What's the hot news in town apart from Mitt Romney picking his running mate? It is of course the latest plagiarism scandal involving no less than the celebrated liberal media columnist, Fareed Zakaria. Zakaria, who is the editor at large for Time Magazine and host of a popular newsy talk show on the partner site, CNN, was found to have lifted an entire paragraph of material from another journalist without citing it or attributing it. Indeed, an otherwise slow news weekend was shaken up by this scandal with the high profile columnist being suspended indefinitely by Time and his talk show pulled off air. What was more shocking was that Zakaria in recent months has been known to take on powerful lobbies in the US including the gun lobby and hence, it is a matter of principle that he ought to have been more careful.
It is worth examining the whole issue of plagiarism especially as it relates to the journalistic profession. It has been long known that journalists do indulge in copying and lifting the work of others and only when they are caught in the act, do they even acknowledge the fact. The past decade or so saw many high profile plagiarism scandals with India's best selling weekly India Today caught in a row where none other than its chief editor and a celebrity in his own right was found to have lifted an entire article from another source. Though the person in question, Arun Poorie attributed it to a case of jet lag, it was quite evident that nobody took the explanation at face value. This goes on to show now even highly rated journalists do succumb to the temptation of using another person's work without citing and attributing the sources.
Moreover, with the advent of the internet, plagiarism as well as being caught has become easier. Though this might sound paradoxical, the point here is that with the proliferation of blogs and news sites by the millions on the internet, the temptation to lift stuff has overridden many a conscientious soul. On the other hand, it is easy to get caught as well as anyone with access to a standard plagiarism checker like Copyscape can easily verify if the article in question is lifted partly or fully. Indeed, the latest instance that is being discussed here was brought to light because of the diligence of a right wing advocacy website, Newsbusters.org that is dedicated to the exposure of liberal bias in the media. This goes on to show the level of surveillance that is prevalent on the journalists work and is in fact another reason why journalist ought to be careful.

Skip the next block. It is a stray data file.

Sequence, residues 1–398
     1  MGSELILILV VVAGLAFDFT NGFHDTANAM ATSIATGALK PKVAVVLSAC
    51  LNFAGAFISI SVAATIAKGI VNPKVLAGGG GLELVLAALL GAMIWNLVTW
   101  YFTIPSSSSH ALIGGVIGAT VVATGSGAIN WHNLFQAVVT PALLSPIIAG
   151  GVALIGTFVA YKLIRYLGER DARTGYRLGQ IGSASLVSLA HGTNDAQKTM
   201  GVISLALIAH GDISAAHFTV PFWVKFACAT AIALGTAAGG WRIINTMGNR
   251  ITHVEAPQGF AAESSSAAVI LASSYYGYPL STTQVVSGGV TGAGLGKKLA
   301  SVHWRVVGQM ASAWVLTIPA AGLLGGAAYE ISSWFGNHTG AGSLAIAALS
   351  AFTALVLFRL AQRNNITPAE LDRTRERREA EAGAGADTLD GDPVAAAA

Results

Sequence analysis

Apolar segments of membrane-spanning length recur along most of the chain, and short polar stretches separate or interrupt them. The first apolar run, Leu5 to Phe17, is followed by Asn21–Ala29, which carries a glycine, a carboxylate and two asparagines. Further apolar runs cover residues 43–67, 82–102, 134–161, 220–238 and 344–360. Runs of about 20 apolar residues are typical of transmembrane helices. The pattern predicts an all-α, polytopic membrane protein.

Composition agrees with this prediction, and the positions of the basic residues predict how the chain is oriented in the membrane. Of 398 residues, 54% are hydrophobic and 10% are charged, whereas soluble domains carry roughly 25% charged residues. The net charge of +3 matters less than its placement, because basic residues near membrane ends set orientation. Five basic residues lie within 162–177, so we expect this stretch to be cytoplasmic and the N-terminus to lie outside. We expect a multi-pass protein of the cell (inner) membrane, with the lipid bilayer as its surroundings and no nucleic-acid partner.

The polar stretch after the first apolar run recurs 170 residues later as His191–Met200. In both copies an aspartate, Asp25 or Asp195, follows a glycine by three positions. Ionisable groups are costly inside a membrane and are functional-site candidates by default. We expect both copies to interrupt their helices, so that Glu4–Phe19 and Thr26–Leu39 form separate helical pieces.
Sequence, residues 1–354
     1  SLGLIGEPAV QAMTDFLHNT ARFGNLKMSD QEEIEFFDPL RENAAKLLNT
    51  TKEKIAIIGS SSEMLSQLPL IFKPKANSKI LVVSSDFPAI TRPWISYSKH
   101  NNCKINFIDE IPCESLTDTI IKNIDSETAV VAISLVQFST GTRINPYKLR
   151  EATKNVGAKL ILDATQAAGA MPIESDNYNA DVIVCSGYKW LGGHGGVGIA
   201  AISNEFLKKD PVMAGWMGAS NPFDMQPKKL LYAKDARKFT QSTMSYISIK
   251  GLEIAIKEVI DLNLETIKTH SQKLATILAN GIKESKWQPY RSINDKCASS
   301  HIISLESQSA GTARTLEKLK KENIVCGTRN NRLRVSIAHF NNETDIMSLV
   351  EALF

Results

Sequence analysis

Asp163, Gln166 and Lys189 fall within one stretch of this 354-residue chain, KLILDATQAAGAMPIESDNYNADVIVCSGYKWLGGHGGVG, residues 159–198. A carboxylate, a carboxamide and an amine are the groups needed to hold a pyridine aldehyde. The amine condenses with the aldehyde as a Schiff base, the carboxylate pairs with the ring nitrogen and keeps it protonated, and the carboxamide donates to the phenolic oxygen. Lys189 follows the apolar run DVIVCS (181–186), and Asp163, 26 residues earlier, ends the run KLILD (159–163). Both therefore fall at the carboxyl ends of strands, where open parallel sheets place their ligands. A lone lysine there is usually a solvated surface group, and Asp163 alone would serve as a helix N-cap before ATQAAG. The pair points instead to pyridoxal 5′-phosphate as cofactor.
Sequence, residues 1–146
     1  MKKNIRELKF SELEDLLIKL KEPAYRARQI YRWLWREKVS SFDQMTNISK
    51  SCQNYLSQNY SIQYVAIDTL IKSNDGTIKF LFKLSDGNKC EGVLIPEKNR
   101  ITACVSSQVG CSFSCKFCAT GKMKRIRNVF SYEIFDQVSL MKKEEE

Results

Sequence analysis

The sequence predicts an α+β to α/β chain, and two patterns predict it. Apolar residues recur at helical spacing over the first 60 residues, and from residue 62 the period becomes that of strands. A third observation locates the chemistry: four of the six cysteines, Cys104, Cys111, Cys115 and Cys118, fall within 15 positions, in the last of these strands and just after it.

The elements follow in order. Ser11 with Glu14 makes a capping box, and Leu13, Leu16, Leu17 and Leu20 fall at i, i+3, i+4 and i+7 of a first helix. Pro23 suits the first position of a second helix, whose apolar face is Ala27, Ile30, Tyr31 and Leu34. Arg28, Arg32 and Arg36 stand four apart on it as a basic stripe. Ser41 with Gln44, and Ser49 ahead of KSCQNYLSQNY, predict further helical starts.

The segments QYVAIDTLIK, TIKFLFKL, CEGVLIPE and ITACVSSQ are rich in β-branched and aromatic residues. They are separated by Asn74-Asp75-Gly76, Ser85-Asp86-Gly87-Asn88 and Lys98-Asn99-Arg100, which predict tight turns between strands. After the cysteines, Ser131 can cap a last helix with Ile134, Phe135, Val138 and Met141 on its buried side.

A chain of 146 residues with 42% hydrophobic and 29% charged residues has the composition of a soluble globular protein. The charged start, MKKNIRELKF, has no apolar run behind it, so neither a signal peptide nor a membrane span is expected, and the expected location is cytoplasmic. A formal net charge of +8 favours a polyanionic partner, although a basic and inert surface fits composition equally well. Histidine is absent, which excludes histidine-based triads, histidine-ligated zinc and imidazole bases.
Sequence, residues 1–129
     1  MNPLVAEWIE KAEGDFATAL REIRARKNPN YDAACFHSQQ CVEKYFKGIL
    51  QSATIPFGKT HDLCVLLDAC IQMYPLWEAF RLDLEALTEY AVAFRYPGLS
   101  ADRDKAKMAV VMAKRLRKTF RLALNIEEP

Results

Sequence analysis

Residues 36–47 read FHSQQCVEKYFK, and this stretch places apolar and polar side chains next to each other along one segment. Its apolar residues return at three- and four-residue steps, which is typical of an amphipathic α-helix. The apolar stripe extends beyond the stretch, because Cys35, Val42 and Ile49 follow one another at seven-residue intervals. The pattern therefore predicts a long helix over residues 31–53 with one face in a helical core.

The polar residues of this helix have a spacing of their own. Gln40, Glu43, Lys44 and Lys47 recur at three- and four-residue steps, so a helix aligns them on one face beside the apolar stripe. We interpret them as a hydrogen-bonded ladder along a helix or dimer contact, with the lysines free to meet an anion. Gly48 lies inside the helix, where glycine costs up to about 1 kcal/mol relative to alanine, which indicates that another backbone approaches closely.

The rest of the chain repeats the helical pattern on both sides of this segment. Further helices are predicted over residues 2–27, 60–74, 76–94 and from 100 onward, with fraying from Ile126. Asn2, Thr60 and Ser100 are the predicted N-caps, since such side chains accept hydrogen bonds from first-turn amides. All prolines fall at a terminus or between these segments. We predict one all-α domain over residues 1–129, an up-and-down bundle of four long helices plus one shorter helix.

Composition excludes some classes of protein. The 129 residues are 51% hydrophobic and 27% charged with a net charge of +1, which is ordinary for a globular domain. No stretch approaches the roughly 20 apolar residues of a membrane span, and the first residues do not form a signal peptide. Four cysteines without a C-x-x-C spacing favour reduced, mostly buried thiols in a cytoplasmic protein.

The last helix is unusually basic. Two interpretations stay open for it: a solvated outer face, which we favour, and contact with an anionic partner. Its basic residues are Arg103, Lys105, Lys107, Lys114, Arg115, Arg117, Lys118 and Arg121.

With the advent of social media and the linking of articles, any worthy news item goes viral in a matter of hours and even minutes in some cases which means that the sheer pace at which news and opinions are generated increases the pressure on journalists to produce copy by the reams. However, this is not a license to lift the work of others and with so many watchers keeping track, scandals like that of Zakaria are bound to occur with increasing frequency. The lesson for other journalists is clear: you can't get away with plagiarism in the era of Facebook and Twitter nor can you escape the clutches of the frenetic 24/7 news cycle. This means that journalists are indeed in a bind, and only those with adequate nimbleness and depth of thought can hope to survive the scrutiny.
Occasional Plagiarism might be tolerated with a frown and a wrist slap only when the reputation of the media houses is not tied closely to that of the journalists' transgression. In this case and in the case involving Rupert Murdoch's News Corp, one can see a pattern where marquee names in the media space take a major hit to their brand image and reputation and hence they just cannot afford to play loose with these issues. Further, when high profile columnists like Zakaria and celebrity anchors like Rebecca Brooks (the disgraced journalist belonging to News Corp) indulge in unethical behavior, the media circus swings into high gear both from a glee that the big names have been humbled as well as to generate ad spends for themselves. And the public gets a chance to get back at the snooty ones who have always claimed to be the paragons of virtue on their talk shows.
Finally, unethical behavior in any profession ought to be condemned and especially so in the media since they are the custodians as well as watchdogs of public behavior. The fourth estate is one of the pillars of democracy and hence when its slips up, it is indeed a matter of concern. Given the rapid erosion of trust by the public in the other institutions, the media still remains a bastion where the people hope for conscientious and righteous behavior. And when the gods themselves fail as the case of Rupert Murdoch shows, the ground beneath is indeed shaky from the weight of the fallen gods. Hence, more than ever there is a need for serious introspection by the media as to whether they have sacrificed principles in the pursuit of profits. This is the need of the hour and power to those who still practice what they preach and have their hearts in the right places.